He was weighing his choice of words. "It's just a feeling. We've already explored a lot of the forest and if another Chosen were here, we should've been able to pick up something."
Hikari raised her head and squinted at the sky. There was no sun, only swirls of gray mists that passed for clouds. Kazuki and Plotmon were all by themselves, they must be terrified, and yet she couldn't disregard the shadows under Takeru's eyes.
"Maybe we should take a break at the next landing," she said. "Pegasmon and Nefertimon could use a break, and we can try to contact the others again. I want to make sure that they are doing all right."
Takeru agreed. Not long after, they were seated on a patch of dewy grass with their Digimon, verifying yet again that the messages on their D-Terminals refused to send. It appeared that not only was Kazuki not in the Dark World, the other Chosens had not managed to go through the portal in the painting either.
"I'm sorry," Hikari said quietly. "I got us here and I don't know how to get us out."
"We'll find a way out," Takeru said, embodying his crest as much as ever. "How long do you reckon we've been here?"
"I'm not sure," Hikari said. "I have a feeling that time flows differently here."
Takeru glanced down at his wrist, brows furrowed as he tried to make out the current time. "Yeah. I think you're right."
His watch was expensive, sporting a clean and elegant design that spoke to Haruka's refined tastes, no doubt an anniversary present. Hikari's throat tightened and she averted her eyes to watch Tailmon and Patamon playing on the grass.
Takeru turned his attention away from his watch. "Do you still not remember this place?"
Hikari wrapped her arms around her knees. "Some details are coming back to me. Like, I know I've been lost in this forest, or some part of this forest, before. I know I've been to the beach before. I've seen the lighthouse before. But I can't remember what happened when I was here."
She glanced at him tentatively. He cleared his throat. "Well, the first time, you were called here by a bunch of Scubamon who wanted to deliver you to their god," he said. "The second time, you got lost with Ken and Miyako, and you and Miyako worked out your differences to unlock Silphymon."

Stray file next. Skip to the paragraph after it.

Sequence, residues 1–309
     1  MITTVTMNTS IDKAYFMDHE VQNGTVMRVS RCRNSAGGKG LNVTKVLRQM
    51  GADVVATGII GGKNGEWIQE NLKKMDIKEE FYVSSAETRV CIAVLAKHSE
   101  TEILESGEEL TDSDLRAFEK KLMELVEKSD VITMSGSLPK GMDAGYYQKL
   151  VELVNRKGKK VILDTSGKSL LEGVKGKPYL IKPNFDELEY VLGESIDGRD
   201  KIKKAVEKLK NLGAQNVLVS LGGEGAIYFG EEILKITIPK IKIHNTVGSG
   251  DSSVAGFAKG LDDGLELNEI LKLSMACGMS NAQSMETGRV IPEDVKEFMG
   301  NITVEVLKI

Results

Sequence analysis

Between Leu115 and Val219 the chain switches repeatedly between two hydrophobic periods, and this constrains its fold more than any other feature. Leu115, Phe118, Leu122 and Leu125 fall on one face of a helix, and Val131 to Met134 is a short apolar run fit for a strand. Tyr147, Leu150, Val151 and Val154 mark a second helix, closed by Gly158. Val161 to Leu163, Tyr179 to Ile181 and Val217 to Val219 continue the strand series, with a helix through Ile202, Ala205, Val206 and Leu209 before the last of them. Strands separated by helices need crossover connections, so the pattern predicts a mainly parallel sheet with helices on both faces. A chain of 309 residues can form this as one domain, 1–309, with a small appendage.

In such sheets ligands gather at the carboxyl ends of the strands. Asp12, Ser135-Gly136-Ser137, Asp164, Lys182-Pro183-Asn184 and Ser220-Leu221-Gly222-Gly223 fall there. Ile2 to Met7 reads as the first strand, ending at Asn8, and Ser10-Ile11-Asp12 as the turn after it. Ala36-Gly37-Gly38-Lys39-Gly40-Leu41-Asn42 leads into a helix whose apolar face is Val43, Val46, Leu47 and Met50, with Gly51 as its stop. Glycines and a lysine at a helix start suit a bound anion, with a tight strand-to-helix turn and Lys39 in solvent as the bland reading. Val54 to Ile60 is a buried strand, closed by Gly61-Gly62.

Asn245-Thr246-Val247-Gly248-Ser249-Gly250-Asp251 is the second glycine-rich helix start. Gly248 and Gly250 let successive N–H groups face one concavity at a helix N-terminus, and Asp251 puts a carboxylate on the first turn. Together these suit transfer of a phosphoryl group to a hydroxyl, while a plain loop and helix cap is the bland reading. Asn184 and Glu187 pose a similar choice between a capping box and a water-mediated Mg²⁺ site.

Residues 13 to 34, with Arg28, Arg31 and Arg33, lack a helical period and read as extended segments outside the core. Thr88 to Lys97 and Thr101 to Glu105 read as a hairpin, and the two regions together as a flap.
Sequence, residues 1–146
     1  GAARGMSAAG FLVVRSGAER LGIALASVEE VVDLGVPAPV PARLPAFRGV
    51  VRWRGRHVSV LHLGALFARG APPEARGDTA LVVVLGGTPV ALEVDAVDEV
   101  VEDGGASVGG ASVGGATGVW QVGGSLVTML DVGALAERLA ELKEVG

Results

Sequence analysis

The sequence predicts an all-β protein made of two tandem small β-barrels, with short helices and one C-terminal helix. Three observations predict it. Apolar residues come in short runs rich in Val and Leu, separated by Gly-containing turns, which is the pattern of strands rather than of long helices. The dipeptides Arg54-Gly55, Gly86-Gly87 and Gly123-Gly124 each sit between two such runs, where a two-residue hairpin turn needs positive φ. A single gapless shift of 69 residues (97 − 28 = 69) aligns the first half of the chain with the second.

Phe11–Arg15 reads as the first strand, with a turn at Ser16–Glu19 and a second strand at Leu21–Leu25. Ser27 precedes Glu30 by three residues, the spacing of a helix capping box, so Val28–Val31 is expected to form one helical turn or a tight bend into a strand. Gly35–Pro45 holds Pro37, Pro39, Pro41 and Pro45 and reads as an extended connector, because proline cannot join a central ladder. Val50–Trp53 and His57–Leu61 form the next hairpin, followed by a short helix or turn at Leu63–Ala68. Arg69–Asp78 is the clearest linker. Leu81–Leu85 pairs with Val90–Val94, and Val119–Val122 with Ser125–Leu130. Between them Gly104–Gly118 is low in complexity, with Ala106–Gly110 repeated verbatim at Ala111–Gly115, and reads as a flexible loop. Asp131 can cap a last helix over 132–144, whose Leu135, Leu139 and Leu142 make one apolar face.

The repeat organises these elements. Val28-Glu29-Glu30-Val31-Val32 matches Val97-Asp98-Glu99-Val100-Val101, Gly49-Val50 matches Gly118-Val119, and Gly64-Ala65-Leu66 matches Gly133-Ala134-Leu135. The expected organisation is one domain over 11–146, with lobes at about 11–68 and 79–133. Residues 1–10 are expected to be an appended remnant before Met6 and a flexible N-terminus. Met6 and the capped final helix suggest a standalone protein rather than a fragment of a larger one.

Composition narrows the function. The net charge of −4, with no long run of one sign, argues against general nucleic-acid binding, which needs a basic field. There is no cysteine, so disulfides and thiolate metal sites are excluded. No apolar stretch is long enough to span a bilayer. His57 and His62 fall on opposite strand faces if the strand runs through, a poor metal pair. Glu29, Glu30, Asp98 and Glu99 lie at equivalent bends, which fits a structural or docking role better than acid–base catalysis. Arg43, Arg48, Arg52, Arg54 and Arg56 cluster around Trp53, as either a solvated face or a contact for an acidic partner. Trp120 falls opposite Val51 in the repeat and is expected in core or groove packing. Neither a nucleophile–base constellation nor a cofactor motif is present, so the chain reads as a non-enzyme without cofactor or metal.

Scubamon. Silphymon. Familiar names that all seemed like lifetimes ago.
"How did we get here before? How did we get back?"
"Light, I think." He gave her a small smile. "Your light somehow connected the Dark World and the Digital World both times."
Hikari turned her Digivice over in her hand. She hadn't manifested her light in decades, not that it was ever something she could turn on by command. She wasn't even sure she still possessed the power, now that adulthood had long extinguished childhood faith.
More than ever, she was doubting her ability to save everyone, doubting her half-baked plan to come here and face the ocean. If the military couldn't handle powerful Digimon, how could she hope to vanquish her nightmares with only herself and an old handgun?
"You know what's strange?" Patamon had joined them. "The forest feels familiar when we were flying around, but the beach where we found Hikari feels very different."
"Yeah, you're right," Takeru said thoughtfully. "We walked through a whole town to get to the beach, didn't we?"
"Yeah, with all the shops and creepy townspeople," Tailmon agreed. "Pretty sure that wasn't there before. I wonder where they all came from."
Hikari thought about the shop she'd visited, the mirror that reflected her memory. "This place feeds on negative emotions, I believe."
Takeru looked slightly alarmed. "What are you saying?"
Leaving Takeru and all of her friends to the loneliness of being abroad. Takeru's engagement. Nobu's death.
"I was also walking through the town," she said. "I saw...well, never mind, but I think...um...it's been feeding on my negative emotions."
It took her friends some time to digest the implications of what she was saying. Disbelief bloomed on Takeru's face, joined by frustration and perhaps even sadness. "Your negative emotions built a whole town, Hikari."
"Guess I should've gone to therapy more often?" She gave a weak chuckle, but her joke fell completely flat.
Tailmon looked reproachful. "You should've told me!"
Patamon fluttered his ear wings. "It's not healthy to keep everything bottled up."
"I appreciate your concern, everyone, but I'm not a little girl anymore," Hikari said wearily. "Life isn't going to be full of rainbows everyday. And it wasn't for me. Sometimes we just have to deal the best way we can."